While legislation concerning executive pay continues to evolve in the United States and around the world, the United Kingdom recently unveiled legislation that would give investors a binding vote on executive pay. It remains to be seen whether a binding vote on executive pay represents the next step taken in the United States to curb excessive executive pay.
Evolution of Disclosure Requirements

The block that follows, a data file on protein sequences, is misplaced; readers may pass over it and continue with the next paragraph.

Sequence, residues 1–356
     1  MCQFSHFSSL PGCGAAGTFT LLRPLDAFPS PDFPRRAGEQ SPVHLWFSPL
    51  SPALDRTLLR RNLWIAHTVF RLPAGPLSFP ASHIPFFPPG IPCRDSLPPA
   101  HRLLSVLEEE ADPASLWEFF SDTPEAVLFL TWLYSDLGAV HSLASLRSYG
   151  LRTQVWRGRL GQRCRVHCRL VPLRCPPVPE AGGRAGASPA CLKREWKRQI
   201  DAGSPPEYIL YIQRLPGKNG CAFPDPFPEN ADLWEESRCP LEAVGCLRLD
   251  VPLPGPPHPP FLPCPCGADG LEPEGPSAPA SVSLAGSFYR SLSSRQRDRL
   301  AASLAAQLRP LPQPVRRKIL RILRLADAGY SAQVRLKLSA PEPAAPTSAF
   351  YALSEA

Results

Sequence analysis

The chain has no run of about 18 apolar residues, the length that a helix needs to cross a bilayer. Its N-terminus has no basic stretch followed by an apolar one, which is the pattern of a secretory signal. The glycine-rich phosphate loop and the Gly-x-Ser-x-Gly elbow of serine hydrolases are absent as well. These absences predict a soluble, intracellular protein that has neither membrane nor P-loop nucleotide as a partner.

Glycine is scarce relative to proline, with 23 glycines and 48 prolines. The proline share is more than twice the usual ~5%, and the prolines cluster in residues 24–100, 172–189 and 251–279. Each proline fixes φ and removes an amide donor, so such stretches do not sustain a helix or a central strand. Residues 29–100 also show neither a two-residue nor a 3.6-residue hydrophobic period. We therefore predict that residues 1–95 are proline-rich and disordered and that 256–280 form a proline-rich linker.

In 1977, the Supreme Court of Delaware decided Lynch v. Vickers Energy Corp., 383 A.2d 278 (Del. 1977), described by the court as “[t]he genesis of Delaware law regarding disclosure obligations.” Arnold v. Soc’y for Sav. Bancorp, 650 A.2d 1270, 1276 (Del. 1994). There, in the context of a self-dealing transaction, the court recognized the fiduciary duty of “complete candor,” of “complete frankness” under which “[c]ompleteness, not adequacy, is both the norm and the mandate[.]” Lynch, 383 A.2d at 281. This duty, which is actually simply “the application in a specific context of the board’s fiduciary duties of care, good faith and loyalty,” (See Malpiede v. Townson, 780 A.2d 1075, 1086 (Del. 2001)) has evolved over time and has been applied in many contexts. The importance of complete disclosure of material information is easy to comprehend in the context of a merger, a context in which it is often applied. The Delaware Court of Chancery explained this importance in Maric Capital Master Fund, Ltd. v. Plato Learning, Inc., 11 A.3d 1175, 1178 (Del. Ch. 2010), stating that the “question that . . . investors should be asking in determining whether to vote for the cash merger is clear: is the price being offered now fair compensation for the benefits I will receive as a stockholder from the future expected cash flows of the corporation if the corporation remains as a going concern?” Indeed, as Vice Chancellor Laster stated, “[t]his is it. This is the end. This is the only opportunity where you can depend upon your fiduciaries to maximize your share of that value.” Steinhardt v. Howard-Anderson, C.A. No. 5878-VCL (Del. Ch. Jan. 24, 2011) (Preliminary Injunction Hearing Transcript at *6).